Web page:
There is no higher bar in society than the admissions committees at Stanford and Stanford Business School.
So how does Victoria Fram -- who has leapt over these hurdles -- pick the companies and entrepreneurs in which her venture capital firm invests? Her most successful investments are in companies led by CEOs who embrace challenges to their thinking.
Here's a quick summary of her career journey. In a June 26th interview Fram said that she is from Colorado. Her older brother attended Stanford. She applied there but was all set to attend Georgetown's foreign service school when she was admitted to Stanford.
She joyfully accepted the offer and went on to earn a BA in International Relations with a minor in Mandarin from Stanford. After graduation, she designed and implemented projects focused on international development and conflict resolution in China, the Netherlands, and East Africa.
While doing that, she realized that the people she was trying to help were too dependent on handouts from NGOs and that they would be better off if they could change their mindset to generating their own capital by building profitable businesses.
To do that, she decided to learn how the capital markets worked -- re-potting herself as an Investment Associate at Metropolitan, a global private equity real estate fund-of-funds, where she got a front-row seat to what happens to private equity when the capital markets collapsed in 2008.
She returned to Stanford for an MBA and a Certificate in Public Management and in 2012 joined Ross Baird, founder of Village Capital, "a venture capital firm that invests in overlooked entrepreneurs - namely bright people who are not from the west or east coasts, women and minorities who are not getting the investment and funding they deserve from traditional VCs."
At the time, Baird -- whose forthcoming September 2017 book is called "The Innovation Blind Spot" -- had established Village Capital as its own startup, after developing the idea as a means of conducting due diligence on all the potential investments he was evaluating on behalf of a family office.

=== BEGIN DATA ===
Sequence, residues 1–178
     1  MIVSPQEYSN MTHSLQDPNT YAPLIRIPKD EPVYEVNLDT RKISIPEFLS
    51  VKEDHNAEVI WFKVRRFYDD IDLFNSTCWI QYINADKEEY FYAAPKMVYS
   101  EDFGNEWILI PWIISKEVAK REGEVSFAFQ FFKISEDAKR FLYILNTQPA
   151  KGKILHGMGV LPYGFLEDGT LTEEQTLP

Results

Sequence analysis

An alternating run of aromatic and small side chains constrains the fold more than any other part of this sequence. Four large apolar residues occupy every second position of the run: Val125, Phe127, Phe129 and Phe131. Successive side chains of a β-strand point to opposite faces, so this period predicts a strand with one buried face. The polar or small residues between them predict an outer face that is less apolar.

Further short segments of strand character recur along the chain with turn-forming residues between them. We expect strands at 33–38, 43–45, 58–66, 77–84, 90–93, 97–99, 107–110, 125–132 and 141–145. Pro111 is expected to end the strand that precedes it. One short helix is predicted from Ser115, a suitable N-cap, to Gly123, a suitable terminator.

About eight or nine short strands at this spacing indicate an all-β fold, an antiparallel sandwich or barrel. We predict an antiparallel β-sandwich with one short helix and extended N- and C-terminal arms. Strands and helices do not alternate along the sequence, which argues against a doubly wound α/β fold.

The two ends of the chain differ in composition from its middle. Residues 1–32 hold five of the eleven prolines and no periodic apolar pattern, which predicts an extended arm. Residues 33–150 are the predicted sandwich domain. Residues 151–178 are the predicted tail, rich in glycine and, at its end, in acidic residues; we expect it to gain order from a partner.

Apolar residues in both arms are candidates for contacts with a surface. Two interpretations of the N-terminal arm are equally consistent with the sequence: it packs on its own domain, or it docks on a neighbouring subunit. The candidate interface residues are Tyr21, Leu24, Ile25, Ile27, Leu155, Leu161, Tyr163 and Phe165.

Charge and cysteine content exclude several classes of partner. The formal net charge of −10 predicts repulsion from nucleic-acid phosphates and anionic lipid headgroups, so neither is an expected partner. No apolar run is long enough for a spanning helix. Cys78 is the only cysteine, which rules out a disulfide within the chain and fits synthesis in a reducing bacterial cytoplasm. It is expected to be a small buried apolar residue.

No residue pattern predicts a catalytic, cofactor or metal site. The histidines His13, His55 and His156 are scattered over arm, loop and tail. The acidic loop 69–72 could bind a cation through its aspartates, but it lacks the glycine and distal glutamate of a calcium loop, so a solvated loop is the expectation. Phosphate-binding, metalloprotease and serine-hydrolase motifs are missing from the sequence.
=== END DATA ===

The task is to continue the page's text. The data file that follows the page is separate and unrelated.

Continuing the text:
Fram came on board to help with due diligence and has created a process in which Village Capital boosts the entrepreneurial skills of startup CEOs in industries where there are major social problems -- such as health care and energy -- in exchange for which the entrepreneurs help Village Capital identify and evaluate investment opportunities.
Having run this process 60 times, Fram found that it's best to create cohorts of entrepreneurs -- here's a more in=depth discussion of why Village Capital uses this approach -- with specific industry expertise and that Village Capital has the best results when it invests in coachable entrepreneurs.
As she said, "I am reading your book Disciplined Growth Strategies and one thing that really resonated for me was the idea that the most successful CEOs have intellectual humility -- which we call coachability. This means they are eager to invite challenges to their thinking so they can better position their companies to grow."
More formally, Fram has established a process for evaluating opportunities based on many variables. These include, "team, the problem to be solved and the vision for solving it, the company's value proposition, its product, the market, the business model, how it will scale, and exit [scenarios.]"
1DocWay, which "builds telepsychiatry networks for hospitals to help them expand reach and create new revenue streams" is an example of a successful investment -- both in financial and social benefit terms.
Fram explained how Village Capital got involved with 1DocWay. "1DocWay uses video chat to connect rural patients with psychiatrists who have a few spare hours. Our peer group concluded that this company was the best on how it would change the world and other metrics. We started working on whether to invest in late 2014 and made a convertible preferred investment in March 2015. In November 2015, Genoa, a behavioral health specialty pharmacy, acquired 1DocWay. We earned an attractive return and [the merger] has accelerated 1DocWays' growth -- it iplaceholders now in 250 clinics," Fram explained.
Village Capital has big ambitions. "We want to become much more significant and operate on a much larger scale. We think we can grow from an $18 million fund to a $50 million to $100 million fund backed by institutional investors targeting overlooked founders and sectors."
Can Village Capital pull off what looks to me like a revolutionary approach to doing well by doing good? We'll see.